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global financial crisis

Financial risk, resilience and realism: ‘New Economic Thinking,’ amid ominous tremors from the eurozone

Christopher Colford's picture



How safe and how stable is today’s international financial system? Eight years since the global bond markets started quaking – and almost seven years since the Lehman Brothers debacle triggered a worldwide meltdown – is the financial system resilient enough to recover from sudden shocks?

These are not just rhetorical questions, but urgent ones. Amid the ominous recent tremors within the European Union – with the intensifying risk that insolvent Greece could soon “crash out” of the eurozone if it fails to extract more bailout money from its exasperated rescuers – the global financial system may be about to get another real-life lesson in riding out traumatic turbulence.

So mark your calendars for this Wednesday, May 6, when a top-level conference with some of the world’s leading financial luminaries will be livestreamed online at (click here) this website from 9 a.m. to about 5 p.m. Many of the world’s top regulators, policymakers and scholars – brought together by the Institute for New Economic Thinking – will gather at the International Monetary Fund for a day-long exploration of “Finance and Society.”

A sense of déjà vu might seem to surround the conference agenda, especially for World Bank and IMF colleagues who recall the nonstop financial anxiety that consumed the Spring Meetings just a few weeks ago. A similar economic dread reportedly pervaded last week’s Milken Global Economic Conference in Los Angeles.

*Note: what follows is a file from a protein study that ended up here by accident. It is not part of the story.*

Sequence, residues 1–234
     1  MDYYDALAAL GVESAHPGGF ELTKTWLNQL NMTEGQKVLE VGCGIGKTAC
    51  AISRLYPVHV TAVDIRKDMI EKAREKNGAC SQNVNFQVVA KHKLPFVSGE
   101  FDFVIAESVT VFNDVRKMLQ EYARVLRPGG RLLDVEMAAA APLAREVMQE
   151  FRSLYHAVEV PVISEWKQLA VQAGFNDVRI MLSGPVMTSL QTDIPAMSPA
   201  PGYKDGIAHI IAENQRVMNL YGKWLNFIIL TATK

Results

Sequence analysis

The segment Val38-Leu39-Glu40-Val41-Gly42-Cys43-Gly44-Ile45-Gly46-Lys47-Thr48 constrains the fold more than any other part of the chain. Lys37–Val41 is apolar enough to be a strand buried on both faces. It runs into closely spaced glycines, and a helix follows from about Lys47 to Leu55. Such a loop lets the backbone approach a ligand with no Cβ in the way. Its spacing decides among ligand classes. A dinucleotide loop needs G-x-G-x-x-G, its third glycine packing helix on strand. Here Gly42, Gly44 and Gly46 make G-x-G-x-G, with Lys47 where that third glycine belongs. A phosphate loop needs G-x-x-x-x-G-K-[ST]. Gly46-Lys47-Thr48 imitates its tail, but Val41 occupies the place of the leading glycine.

Yet the INET conference may be poised to offer a somewhat different perspective. The Spring Meetings featured the familiar lineup of business-suited, grim-and-greying Finance Ministers – mostly male, mostly middle-aged, mostly mainstream moderates – but the group of experts at the “Finance and Society” conference will reflect a welcome new dose of diversity. Every major speaker on the agenda is a woman.

The economists at the pinnacle of the world’s most powerful financial institutions – Christine Lagarde of the IMF and Janet Yellen of the U.S. Federal Reserve System – will keynote the conference, and the proceedings will include such influential financial supervisors as Sarah Booth Raskin of the U.S. Treasury and Brooksley Born and Sharon Bowen of the U.S. Commodity Futures Trading Commission. There’ll also be a pre-conference speech by the woman who has suddenly galvanized the Washington economic debate: No, not Hillary Clinton, but Senator Elizabeth Warren.

The new global roster of financial leaders – in this conference's case, all of them women – illustrates how economic policymaking is now, at last, drawing on the skills of an ever-wider-ranging talent pool. The economic expertise featured this week is bound to mark a positive step forward, considering the ruinous impact of the recent mismanagement by middle-aged mainstream men. (Sorry, guys, but can you really blame people for noticing that the pale-stale-and-male crowd allowed the world to drift toward the Crash of 2008?)

This week’s conference agenda is admirably forthright about the challenge: “Complexity, special interest, and weak systems of governance and accountability continue to interfere with the ability of the financial system to serve society's needs.” With Lagarde and Yellen setting the tone – and with Warren adding an injection of populist vigor – this week’s INET conference seems likely to offer some imaginative insights that go beyond the familiar Spring Meetings formula.